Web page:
Something marvelously strange is going on with my San Francisco Giants. For the first time since the decline and fall of Barry Bonds, the dead wood has been greatly minimized, money is being spent to retain talent, and it appears management may actually try to win the whole enchilada. The odds are greatly against such a grandiose finale to a season yet to be played, but this is the first time since 2003, the year after we last went to the World Series, that there have been any odds at all. These last six seasons have been less about rebuilding and more of a sports version of Waiting For Godot, as in waiting for the second coming of Willie Mays as we plumb the depths of the existential conundrum: is baseball metaphoric of an intrinsically meaningless or meaningful life?
But enough about Samuel Beckett, our fat cat owners are actually paying Tim Lincecum twenty-three million dollars to start sixty-five games or so over the next two years. That’s approximately three hundred and fifty thousand dollars per game or about three grand per pitch. Tim is twenty-five years old. Can you imagine what you would have done with twenty-three million dollars when you were twenty-five? Or with three million? Or even with three hundred thousand? I hope I would have been smart enough to buy a farm, but something tells me I would have blown it making a movie. If someone offered me twenty-three million today (or three million or three hundred thousand) I know just what I’d do with it, as soon as I find my reading glasses and that list I made.
Why this sudden loosening of the Giants’ corporate purse strings? My theory, somewhat convoluted, is as follows. Despite our losing ways, our wonderful new ballpark by the glittering bay has been such a fabulous cash cow and tourist attraction that our owners felt no pressing need to field a particularly upscale team. This is a variant on the old “If it ain’t broke, don’t fix it.” If making money is their primary goal (and it obviously is) the owners were winning even when the team lost. But last year, for the first time since the new park opened, the cow began producing noticeably less cash. For several years now good pitching alone has kept us from abysmal failure in the weakest division in baseball, but last year (never mind Lincecum’s second Cy Young Award) the crowds began to dwindle. The team couldn’t hit or run and management wouldn’t spend a fat dime to buy us a couple bats; and then the economy tanked and the specter of a half-empty ballpark loomed for the coming season.
Combine this specter with a resurgence of the other teams in our division, and the money boys decided it was time to spend some cash to field a winner, because winners fill seats and pitching alone won’t hack it anymore. And since it is a sure bet our owners gained greatly from the recent economic hijinks that have hurt so many Giants fans below them on the slopes of the pyramid, our owners have plenty of cash to spend.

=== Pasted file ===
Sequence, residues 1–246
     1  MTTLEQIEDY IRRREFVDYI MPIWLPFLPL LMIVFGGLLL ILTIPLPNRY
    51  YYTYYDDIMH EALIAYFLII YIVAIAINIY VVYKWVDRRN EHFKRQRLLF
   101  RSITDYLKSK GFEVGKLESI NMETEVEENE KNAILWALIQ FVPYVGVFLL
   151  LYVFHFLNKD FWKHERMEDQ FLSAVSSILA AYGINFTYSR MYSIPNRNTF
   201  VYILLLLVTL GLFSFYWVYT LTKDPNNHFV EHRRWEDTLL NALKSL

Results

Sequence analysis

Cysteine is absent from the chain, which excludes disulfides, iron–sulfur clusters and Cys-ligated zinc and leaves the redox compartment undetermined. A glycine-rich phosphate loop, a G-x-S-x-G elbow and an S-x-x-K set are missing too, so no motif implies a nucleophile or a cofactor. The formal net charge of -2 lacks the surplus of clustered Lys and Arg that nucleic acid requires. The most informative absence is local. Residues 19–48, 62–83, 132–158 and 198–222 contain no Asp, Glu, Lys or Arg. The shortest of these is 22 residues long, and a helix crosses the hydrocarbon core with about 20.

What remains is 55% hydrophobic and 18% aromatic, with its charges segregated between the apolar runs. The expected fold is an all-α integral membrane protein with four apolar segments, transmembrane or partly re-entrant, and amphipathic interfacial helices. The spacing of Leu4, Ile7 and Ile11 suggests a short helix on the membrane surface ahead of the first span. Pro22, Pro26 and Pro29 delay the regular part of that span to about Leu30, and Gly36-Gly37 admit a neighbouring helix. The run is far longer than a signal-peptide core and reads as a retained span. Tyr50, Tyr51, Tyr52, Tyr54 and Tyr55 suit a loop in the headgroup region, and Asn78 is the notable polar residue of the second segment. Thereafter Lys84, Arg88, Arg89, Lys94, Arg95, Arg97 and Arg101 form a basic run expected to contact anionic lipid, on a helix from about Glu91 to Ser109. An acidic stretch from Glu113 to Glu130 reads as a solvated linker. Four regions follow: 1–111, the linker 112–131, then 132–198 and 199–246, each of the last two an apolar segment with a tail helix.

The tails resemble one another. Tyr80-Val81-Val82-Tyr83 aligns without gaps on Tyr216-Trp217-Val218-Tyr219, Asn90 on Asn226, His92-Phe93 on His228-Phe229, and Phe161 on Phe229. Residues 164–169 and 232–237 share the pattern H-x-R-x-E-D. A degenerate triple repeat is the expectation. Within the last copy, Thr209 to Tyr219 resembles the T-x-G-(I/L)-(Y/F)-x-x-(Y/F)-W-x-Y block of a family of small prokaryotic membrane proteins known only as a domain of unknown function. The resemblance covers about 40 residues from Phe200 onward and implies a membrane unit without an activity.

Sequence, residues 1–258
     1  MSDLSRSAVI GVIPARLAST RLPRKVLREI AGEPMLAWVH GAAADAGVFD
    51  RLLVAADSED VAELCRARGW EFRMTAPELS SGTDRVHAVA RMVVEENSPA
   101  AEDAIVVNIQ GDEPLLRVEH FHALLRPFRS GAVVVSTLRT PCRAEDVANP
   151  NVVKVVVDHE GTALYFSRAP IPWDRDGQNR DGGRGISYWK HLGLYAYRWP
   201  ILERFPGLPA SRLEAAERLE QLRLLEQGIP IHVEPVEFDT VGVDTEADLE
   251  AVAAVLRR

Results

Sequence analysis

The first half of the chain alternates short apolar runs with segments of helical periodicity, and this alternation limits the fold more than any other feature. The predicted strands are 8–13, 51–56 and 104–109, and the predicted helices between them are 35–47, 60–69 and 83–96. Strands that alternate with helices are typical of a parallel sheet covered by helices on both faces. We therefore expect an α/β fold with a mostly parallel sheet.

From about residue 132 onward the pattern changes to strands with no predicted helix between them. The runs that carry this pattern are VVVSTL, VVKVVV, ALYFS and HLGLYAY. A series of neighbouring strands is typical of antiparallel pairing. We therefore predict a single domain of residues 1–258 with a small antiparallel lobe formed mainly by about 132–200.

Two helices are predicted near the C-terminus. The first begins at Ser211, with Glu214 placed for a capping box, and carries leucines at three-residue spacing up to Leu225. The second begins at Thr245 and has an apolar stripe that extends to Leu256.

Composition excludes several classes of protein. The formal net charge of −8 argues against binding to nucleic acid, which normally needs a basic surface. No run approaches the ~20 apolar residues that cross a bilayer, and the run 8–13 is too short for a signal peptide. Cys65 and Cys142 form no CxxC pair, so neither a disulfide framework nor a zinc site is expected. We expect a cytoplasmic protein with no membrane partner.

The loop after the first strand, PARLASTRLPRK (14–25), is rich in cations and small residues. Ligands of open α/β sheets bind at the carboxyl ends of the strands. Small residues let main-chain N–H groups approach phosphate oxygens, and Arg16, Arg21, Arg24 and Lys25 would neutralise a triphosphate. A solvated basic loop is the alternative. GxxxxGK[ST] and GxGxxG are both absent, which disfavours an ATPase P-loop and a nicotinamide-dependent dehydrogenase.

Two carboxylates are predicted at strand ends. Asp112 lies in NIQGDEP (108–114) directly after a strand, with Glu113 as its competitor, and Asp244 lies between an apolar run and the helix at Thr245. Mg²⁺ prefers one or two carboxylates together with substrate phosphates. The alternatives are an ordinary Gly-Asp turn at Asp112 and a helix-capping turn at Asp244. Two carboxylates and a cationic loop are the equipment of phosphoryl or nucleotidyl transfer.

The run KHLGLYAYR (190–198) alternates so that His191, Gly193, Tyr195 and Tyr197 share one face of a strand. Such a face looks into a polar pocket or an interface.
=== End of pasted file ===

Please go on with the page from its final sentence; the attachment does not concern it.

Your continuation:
That’s my theory: a confluence of economic factors necessitating infrastructure upgrade combined with the unfathomable workings of a mysterious universe. Now I’m not saying I think we’re going to win it all this season. Indeed, my linear logical brain doubts very much we’ll even win the division. But we have a chance, and a chance is an exciting thing for a fan weary of starring in Waiting For Willie.
And the other thing I want to say about the upcoming season is this. I know a woman of ninety-six who told me that had the Giants won it all in 2002 she would have allowed herself to die. She was ready to go. Her bags were packed, so to speak. We were three outs away from winning the World Series for the first time since 1954. And then we lost. And in that painful moment this woman knew she would have to stay alive. This is a gal who listens to every game, including every game of spring training. She refers to the players and the announcers and the coaches by their first names. They are, as far as she’s concerned, her family. She is blind, so she can only listen to the games. When the Giants win, she is cheerful. When they lose, she is cranky for an hour or so, then she stows her disappointment and gets ready for tomorrow.
She was not a fan of baseball until she married in her late twenties. She and her husband attended many games at Candlestick and watched or listened to every game together for forty years. Her husband died thirty years ago, but she says he is with her still for every game. When I last saw her, she said she thought this might be our year.
“The boys are entering their prime,” she said, nodding confidently. “You can hear the maturity in Matt’s voice, Tim so confident now. I’m glad Juan came back. He comes through more times than not. And Pablo is starting to show some patience at the plate. John sounds more upbeat about the team than I’ve heard him sound in a long time. I don’t think they’re going to settle for almost again.”
“And if we win it all?”
She smiled and whispered, “My work will be done.”
Ah beautiful irrational hope. Let’s play ball!
Todd’s web site is UnderTheTableBooks.com. His audio books are available from Audible.com.